- US Ambassador Natalie Brown on Monday tried to meet with opposition leader Bobi Wine, raising the ire of the Ugandan government.
- Government spokesman Ofwono Opondo said the attempt by Brown amounted to engaging in "mischief".
- "We expect her to write to the Ministry of Foreign Affairs and to adhere to diplomatic norms," Opondo said.
Uganda's government spokesman on Tuesday accused the US ambassador of breaching diplomatic norms and engaging in "mischief" over her attempt to visit opposition leader Bobi Wine, who is confined to his home.
The former popstar-turned-politician has been under effective house arrest guarded by soldiers and police, since he cast his ballot in last Thursday's presidential election, which he said was riddled with fraud.
US Ambassador Natalie Brown on Monday tried to meet with Wine - whose real name is Robert Kyagulanyi - and was met with a line of police officers clad in riot gear who turned her away.
"The purpose of Ambassador Brown's visit was to check on Mr. Kyagulanyi's health and safety, given that he's effectively been unable to leave his home, with security forces surrounding his residence," read a statement posted on the US Embassy's Facebook page on Monday.
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Wine, 38, came second in the presidential election, which returned Yoweri Museveni to power for a sixth term, and has said he is cut off from his lawyers and party as the days tick by for him to challenge the vote in the courts.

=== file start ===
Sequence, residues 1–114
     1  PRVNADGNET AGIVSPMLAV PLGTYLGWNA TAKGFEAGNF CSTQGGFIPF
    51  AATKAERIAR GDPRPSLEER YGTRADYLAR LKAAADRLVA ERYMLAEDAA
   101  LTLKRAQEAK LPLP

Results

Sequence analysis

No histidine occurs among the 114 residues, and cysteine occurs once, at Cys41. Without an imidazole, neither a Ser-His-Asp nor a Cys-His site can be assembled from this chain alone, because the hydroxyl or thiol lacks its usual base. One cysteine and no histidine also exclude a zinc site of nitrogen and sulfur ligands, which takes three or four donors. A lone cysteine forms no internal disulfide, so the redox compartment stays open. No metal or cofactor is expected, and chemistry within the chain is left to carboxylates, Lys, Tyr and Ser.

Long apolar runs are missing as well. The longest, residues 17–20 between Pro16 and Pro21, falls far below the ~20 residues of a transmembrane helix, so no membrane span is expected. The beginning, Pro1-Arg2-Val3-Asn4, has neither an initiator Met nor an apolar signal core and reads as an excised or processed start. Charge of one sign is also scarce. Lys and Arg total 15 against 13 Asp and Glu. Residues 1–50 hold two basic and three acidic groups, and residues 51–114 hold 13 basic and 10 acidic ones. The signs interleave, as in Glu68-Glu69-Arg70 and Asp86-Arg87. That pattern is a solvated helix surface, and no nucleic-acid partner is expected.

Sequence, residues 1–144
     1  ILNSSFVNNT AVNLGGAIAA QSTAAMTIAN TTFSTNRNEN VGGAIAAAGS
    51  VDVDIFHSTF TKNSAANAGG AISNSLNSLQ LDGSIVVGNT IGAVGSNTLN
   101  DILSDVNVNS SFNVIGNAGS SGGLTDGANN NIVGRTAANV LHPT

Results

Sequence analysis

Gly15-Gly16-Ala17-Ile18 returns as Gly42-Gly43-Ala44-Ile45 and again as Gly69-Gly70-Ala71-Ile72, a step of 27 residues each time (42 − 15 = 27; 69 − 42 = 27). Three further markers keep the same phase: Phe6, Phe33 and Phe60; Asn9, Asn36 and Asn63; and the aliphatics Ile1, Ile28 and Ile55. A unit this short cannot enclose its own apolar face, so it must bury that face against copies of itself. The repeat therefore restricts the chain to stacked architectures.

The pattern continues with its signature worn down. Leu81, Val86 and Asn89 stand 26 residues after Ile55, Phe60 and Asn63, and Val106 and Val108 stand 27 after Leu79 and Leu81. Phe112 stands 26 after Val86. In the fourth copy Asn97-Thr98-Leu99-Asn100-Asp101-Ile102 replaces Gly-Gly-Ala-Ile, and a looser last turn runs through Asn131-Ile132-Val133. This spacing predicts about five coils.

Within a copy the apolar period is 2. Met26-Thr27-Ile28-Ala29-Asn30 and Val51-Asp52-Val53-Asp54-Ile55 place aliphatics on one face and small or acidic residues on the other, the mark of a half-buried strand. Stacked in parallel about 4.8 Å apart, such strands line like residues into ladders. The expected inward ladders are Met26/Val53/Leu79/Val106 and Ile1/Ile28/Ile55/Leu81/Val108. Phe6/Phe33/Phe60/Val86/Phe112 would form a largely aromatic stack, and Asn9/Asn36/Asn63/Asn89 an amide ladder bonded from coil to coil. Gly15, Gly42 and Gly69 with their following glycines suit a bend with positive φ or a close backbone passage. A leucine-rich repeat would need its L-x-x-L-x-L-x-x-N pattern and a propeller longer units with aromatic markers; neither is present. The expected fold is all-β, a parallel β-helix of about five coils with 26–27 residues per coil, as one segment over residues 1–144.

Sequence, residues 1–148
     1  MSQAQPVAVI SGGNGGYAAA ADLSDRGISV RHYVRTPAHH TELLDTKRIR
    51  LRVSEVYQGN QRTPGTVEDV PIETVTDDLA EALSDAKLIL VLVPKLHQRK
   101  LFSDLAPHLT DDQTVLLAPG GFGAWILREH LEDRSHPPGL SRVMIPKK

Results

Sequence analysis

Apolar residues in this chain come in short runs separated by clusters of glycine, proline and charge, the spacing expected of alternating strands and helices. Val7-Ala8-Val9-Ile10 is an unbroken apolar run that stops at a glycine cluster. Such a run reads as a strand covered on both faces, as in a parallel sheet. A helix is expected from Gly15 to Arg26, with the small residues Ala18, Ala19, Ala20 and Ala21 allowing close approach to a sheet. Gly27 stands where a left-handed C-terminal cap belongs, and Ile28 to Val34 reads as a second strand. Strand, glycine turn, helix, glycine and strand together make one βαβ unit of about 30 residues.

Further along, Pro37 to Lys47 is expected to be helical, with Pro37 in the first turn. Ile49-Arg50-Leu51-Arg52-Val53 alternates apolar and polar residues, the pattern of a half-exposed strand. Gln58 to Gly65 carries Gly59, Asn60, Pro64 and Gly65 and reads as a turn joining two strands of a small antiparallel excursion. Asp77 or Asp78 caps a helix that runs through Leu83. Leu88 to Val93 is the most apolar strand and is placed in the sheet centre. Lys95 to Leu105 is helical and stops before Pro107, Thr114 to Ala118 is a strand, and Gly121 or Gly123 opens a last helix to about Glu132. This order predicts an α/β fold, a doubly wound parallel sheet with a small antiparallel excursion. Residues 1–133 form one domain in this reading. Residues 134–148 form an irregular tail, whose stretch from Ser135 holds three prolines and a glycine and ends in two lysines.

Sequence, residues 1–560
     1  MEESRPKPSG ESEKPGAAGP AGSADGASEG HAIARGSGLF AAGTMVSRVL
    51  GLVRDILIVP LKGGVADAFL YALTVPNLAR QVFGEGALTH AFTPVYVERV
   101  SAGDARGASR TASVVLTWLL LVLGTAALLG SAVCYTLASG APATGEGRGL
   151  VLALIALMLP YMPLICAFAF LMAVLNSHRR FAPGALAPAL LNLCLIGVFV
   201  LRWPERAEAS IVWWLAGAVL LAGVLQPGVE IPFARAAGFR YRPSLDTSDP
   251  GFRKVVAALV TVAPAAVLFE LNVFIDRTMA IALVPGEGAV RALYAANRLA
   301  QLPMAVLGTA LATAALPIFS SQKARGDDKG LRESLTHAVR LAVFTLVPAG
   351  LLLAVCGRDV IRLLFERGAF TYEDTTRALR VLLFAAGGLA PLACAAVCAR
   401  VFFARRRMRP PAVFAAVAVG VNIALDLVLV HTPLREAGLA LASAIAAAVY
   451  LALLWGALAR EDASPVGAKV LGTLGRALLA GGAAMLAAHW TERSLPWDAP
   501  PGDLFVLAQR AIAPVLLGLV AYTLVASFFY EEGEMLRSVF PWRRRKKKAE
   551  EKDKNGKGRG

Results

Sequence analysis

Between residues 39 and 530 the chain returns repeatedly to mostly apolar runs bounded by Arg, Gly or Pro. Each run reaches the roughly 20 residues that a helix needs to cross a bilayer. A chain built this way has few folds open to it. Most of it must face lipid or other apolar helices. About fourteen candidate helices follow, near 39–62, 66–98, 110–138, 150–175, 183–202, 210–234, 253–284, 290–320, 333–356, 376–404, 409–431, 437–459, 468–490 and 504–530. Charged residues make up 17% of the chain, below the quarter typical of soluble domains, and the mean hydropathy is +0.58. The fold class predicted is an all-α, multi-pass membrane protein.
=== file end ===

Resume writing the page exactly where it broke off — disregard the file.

Government spokesman Ofwono Opondo said the attempt by Brown, who took up her post during Uganda's fraught election campaign, was a sign "that she is up to mischief".
"We expect her to write to the Ministry of Foreign Affairs and to adhere to diplomatic norms. We don't think that a friendly country or someone who wants to help out in a difficult situation would act in this way," he told AFP.
"It is the arrogance of the Americans, who think they rule the world."
The embassy of the United States said Uganda's election campaign had been "marred by the harassment of opposition candidates, campaign staff, and supporters; suppression of the media and civil society organization activities; and a nationwide internet shutdown before, during, and after voting day."
"These unlawful actions and the effective house arrest of a presidential candidate continue a worrying trend on the course of Uganda's democracy."
Asked if Wine was under house arrest, Opondo said he is "under the protection of the Uganda government" because he is the "target of many forces".
"It's in the interest of the Government of Uganda for him (Wine) not to be harmed in any way."